Well we have heard so much this year about the disasters befalling Burgundy, indeed there was a double page drawing in Decanter of winemakers queueing to sell vineyards to negociants in order get through their grape famine. Frost, hail, rot, what a year. In the end the winemakers’ skill and tenacity along with a redeeming August come to the rescue and what grapes I saw and was given to taste looked excellent. We must wait and see how everyone survives. Winemakers don’t like to comment until the wine is in the barrel, neither should we.
Those negociants who I did serendipitously encounter (mainly by blocking their route with hurried parking in the vineyards!); Gilles de Courcel from Chanson, Erwan Faiveley, and Louis-Fabrice Latour were, as usual taking a positive stance, good quality being anticipated but small numbers…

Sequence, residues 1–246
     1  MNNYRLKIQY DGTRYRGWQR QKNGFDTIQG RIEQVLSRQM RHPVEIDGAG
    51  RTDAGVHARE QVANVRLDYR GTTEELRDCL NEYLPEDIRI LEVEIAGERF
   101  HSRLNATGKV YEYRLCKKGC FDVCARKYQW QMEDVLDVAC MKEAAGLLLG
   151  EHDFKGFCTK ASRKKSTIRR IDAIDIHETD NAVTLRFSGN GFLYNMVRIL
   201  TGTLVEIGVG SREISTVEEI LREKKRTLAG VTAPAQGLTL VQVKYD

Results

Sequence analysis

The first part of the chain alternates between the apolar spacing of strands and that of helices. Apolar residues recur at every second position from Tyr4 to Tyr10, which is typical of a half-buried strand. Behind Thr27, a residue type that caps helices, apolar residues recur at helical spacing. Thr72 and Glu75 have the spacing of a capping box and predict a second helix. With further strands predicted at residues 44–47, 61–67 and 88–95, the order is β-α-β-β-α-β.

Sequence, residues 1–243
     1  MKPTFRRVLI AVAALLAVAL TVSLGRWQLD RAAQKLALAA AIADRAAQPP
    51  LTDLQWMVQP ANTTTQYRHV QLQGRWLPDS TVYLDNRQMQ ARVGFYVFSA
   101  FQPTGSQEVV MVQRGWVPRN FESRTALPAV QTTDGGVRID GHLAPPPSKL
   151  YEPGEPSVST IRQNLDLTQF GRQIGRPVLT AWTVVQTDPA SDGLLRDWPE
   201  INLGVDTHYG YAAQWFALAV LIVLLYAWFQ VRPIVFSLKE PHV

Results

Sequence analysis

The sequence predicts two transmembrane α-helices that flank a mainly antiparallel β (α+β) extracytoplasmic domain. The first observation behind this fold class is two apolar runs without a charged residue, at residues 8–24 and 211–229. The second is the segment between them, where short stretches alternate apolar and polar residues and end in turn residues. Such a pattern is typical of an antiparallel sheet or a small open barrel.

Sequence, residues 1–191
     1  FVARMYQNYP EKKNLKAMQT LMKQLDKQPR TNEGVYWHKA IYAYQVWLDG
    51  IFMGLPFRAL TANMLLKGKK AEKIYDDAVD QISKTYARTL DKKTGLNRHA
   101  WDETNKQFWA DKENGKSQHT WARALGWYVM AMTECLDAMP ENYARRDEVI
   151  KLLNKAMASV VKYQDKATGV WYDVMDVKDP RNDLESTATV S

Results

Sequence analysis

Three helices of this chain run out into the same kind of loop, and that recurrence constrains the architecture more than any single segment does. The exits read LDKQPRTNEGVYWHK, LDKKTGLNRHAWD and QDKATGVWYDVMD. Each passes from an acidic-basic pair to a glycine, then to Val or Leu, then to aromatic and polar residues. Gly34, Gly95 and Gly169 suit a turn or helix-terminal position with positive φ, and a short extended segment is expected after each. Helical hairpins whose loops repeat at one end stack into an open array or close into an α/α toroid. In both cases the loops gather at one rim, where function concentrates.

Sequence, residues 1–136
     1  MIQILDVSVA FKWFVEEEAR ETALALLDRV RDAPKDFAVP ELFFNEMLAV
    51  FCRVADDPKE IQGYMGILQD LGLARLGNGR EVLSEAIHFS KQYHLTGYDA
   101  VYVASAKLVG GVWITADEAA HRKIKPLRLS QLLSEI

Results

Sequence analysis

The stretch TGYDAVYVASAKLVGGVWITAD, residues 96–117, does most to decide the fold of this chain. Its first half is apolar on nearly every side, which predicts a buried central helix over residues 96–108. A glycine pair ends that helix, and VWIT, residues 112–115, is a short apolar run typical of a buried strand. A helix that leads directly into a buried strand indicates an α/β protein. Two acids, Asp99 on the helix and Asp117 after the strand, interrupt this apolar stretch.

One winemaker in Côte de Nuit was listing his losses on his fingers with some virulence, including all his Chambolle-Musigny premier cru but even he had not lost the 75% that I have come across.
There is no doubt these guys have had a hard time and have no alternative but to increase prices, but they know how that will be received, so this is a year to tighten the belt, shelve future projects and hope St Vincent and St Medard will look kindly on them in 2017.
I was to combine visits to Vincent Dancer in Chassagne and Chandon de Briailles in Savigny with other things that have cropped up to take me to Comblanchien, Vosne and Gevrey along with keeping my eye open for some harvest action.